The U.S. government is working with the Food and Drugs Administration – FDA to strongly examine the cause of novel coronavirus. Centers for Disease Control and Prevention – CDC being the national partner are helping in closely monitoring an outbreak of the virus.
Since the virus has been first identified in Wuhan City, China, it is strengthing its grip and gradually attacking human health across the globe. With this vicious spread, the U.S. government contemplates it as a severe public health concern.
FDA role in the cause
After the weeks of testing for the coronavirus, FDA announced this Sunday that new diagnostic technologies would be shared with all elite hospitals and healthcare centers to do further testing on COVID-19. The FDA is playing a condemnatory role in protecting the U.S. from the dreadful virus. They are working with several interagency partners, product developers, international partners, and global regulators in facilitating the development and availability of medical countermeasures (MCM). The MCM will help in diagnosing the disease and also in its treatment.
The FDA will give an administration to sponsors for developing the investigational MCMs. This will greatly help in indicating the emerging threats. FDA will also guide and work along with the medical product sponsors to rapidly advance the development of products crucial to conscious efforts.
The Food and Drug Administration of the United States also monitors fraudulent products in the U.S. market. It takes timely actions to protect the public from consuming all those false products.
FDA granted Emergency Use Authorization
The FDA department enables access to investigational MCMs through appropriate mechanisms such as Emergency Use Authorization – EUA. Recently, the FDA granted EUA to two public health laboratories in New York to identify COVID-19 and to diagnose public health emergencies through several testing. Prior to the issuance of EUA, the FDA issued the policies for complicated testing performance check for diagnostic testings in certified laboratories under Clinical Laboratory Improvement Amendments – CLIA.
CDC role in the Coronavirus
The U.S. government is working intimately with the local, tribal, and regional public health partners to deal with this great health risk. These public health partners respond individually to distinguish and limit the introduction of this disease in the United States. Centers for Disease Control and Prevention (CDC) is operationalizing it’s pandemic readiness and reaction plans, taking a shot at numerous fronts to meet these objectives, including explicit measures to prepare the communities for COVID-19 local transmission.
CDC has issued clinical guidance for health care professionals, for assessing the potential risk of various exposures to COVID-19, for evaluating the patients under investigation and has also updated interim guidance on the outbreak of coronavirus.
Coronavirus testing in United States
The World Health Organization – WHO – has shipped coronavirus testing kits to around 57 countries. Besides the efforts of WHO, countries like China can do up to 1.6 million tests a week. South Korea has also been able to test on 65000 people so far. However, the CDC has done only 459 tests.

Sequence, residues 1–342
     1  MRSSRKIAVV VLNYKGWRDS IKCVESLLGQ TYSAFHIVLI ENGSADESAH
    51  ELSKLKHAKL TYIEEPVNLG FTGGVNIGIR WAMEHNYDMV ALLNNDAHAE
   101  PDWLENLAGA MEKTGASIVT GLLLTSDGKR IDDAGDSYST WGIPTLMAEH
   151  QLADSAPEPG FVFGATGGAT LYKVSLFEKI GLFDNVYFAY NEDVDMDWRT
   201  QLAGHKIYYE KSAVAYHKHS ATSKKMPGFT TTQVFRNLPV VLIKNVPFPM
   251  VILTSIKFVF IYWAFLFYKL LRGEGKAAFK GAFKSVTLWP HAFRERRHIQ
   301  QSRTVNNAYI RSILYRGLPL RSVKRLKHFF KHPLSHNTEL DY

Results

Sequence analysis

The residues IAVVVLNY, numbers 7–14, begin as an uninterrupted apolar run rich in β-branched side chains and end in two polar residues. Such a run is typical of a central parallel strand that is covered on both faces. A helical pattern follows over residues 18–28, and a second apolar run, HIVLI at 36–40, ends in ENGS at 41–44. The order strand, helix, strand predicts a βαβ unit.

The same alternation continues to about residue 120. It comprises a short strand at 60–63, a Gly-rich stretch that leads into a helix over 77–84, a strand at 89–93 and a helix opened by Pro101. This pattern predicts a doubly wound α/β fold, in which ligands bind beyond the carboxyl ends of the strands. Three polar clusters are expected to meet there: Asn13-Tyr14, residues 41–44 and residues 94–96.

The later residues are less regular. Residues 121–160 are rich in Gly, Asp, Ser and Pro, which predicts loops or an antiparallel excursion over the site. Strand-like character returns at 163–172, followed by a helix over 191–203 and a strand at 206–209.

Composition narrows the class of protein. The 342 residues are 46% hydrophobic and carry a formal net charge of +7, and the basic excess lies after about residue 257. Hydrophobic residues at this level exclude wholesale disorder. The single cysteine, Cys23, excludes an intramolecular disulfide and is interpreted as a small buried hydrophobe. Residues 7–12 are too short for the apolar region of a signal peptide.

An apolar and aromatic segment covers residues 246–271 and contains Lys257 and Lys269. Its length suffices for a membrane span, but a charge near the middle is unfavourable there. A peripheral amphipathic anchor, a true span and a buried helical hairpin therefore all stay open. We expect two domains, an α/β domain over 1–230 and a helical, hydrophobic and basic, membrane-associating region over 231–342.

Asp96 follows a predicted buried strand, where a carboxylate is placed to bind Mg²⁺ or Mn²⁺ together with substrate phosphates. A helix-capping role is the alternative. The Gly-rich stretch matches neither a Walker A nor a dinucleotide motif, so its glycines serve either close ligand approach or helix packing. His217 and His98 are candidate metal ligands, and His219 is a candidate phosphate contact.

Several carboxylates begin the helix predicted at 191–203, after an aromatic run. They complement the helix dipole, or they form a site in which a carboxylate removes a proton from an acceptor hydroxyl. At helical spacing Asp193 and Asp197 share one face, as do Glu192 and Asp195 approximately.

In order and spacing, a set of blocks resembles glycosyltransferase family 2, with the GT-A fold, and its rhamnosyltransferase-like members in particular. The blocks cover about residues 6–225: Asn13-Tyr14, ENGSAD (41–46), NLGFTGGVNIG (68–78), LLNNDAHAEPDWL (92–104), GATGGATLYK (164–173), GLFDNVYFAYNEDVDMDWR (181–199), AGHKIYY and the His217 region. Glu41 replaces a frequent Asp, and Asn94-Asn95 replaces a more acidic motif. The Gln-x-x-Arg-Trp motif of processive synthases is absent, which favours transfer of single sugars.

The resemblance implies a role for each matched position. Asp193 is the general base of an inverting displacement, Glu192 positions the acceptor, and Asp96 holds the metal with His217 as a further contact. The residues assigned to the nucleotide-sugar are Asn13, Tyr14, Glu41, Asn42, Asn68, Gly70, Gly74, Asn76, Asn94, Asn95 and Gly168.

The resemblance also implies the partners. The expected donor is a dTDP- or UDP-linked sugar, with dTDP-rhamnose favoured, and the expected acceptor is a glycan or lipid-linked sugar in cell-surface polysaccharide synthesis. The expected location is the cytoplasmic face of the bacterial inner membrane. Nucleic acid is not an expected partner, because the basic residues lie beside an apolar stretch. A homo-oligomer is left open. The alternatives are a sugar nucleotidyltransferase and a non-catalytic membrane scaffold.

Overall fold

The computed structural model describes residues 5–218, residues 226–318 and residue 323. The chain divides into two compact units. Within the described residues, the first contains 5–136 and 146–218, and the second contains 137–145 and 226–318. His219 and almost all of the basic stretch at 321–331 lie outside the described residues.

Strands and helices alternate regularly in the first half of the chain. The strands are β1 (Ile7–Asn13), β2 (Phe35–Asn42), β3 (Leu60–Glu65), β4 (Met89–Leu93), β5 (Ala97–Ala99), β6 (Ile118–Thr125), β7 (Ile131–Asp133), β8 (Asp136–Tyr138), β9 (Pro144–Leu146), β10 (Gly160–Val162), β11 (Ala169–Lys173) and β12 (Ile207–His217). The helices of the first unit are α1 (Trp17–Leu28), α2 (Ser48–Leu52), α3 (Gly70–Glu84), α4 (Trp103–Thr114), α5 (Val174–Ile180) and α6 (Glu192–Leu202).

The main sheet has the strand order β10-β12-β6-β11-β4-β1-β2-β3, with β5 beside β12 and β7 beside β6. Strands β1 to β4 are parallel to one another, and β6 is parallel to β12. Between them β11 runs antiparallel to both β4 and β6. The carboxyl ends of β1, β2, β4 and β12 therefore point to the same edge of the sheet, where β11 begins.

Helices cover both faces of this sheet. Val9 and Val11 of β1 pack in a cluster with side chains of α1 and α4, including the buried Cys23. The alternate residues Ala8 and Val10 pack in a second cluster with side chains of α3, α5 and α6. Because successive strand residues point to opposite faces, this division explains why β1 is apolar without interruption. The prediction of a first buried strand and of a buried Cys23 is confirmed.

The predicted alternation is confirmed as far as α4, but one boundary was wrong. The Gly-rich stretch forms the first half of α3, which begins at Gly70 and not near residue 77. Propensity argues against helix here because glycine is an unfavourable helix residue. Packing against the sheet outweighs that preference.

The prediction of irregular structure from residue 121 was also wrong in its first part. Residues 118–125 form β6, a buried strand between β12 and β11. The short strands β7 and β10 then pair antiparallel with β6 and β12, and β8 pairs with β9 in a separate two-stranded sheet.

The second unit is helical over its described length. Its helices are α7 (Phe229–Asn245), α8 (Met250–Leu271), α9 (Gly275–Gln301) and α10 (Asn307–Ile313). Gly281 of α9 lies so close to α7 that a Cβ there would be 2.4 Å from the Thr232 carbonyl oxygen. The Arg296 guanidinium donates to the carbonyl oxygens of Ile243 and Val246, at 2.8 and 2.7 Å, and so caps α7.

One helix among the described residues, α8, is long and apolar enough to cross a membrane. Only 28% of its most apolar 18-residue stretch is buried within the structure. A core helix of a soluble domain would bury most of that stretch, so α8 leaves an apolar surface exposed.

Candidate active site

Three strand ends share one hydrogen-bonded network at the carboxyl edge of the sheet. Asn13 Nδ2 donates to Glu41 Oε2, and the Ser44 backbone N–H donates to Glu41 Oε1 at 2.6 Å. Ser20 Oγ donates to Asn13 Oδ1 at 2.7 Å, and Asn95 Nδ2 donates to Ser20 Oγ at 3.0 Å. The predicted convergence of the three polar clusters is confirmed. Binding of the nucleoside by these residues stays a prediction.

Along with a lower number of tests, the test kits designed by CDC contained a non-recommended reagent, and so the tests were not able to be done as fast as they should be.
Not only the CDC, but a whistleblower also complained about the Department of Health and Human Services on evacuating American citizens from Wuhan without the proper training or protective gear. The whistleblower criticized that she was unfairly dragged into the safety of all those citizens’ health as the HHS staffers were not properly trained and equipped to operate in a public health emergency. The spokesperson of the Special Counsel Office has confirmed that the case has been assigned after receiving the complaint.
FDA exclusive approval
Now that with the wide-spread of coronavirus fear in public, the FDA is giving a free hand to all the research centers in the U.S. to use the new technologies to develop more health care facilities. With these new facilities, more tests could be possible concerning the COVID-19.
Dr. Stephen M. Hahn, FDA Commissioner, said in a statement, “We believe this policy strikes the right balance during this public health emergency. We will continue to help to ensure sound science prior to clinical testing and follow-up with the critical independent review from the FDA, while quickly expanding testing capabilities in the U.S. We are not changing our standards for issuing Emergency Use Authorizations. This action today reflects our public health commitment to addressing critical public health needs and rapidly responding and adapting to this dynamic and evolving situation.”
He further said that “This action today reflects our public health commitment to addressing critical public health needs and rapidly responding and adapting to this dynamic and evolving situation.”
The CEO of the Association of Public Health Laboratories, Scott Becker, said in praise of FDA decision that “We are greatly encouraged by expanding the testing capacity to the clinical laboratory community.”
With this deal, Becker anticipated that by the end of next week, public health labs would be able to break 10,000 tests a day.
Previously the U.S. administration’s response to the dreadful coronavirus has been quite misleading. Now “we’re ramping up testing,” said Alex Azar, Secretary of Health and Human Services. He claimed, “We now have 75,000 tests available out there in the United States. And over the next week, that will expand radically on top of 75,000 tests available.”
Featured image: FDA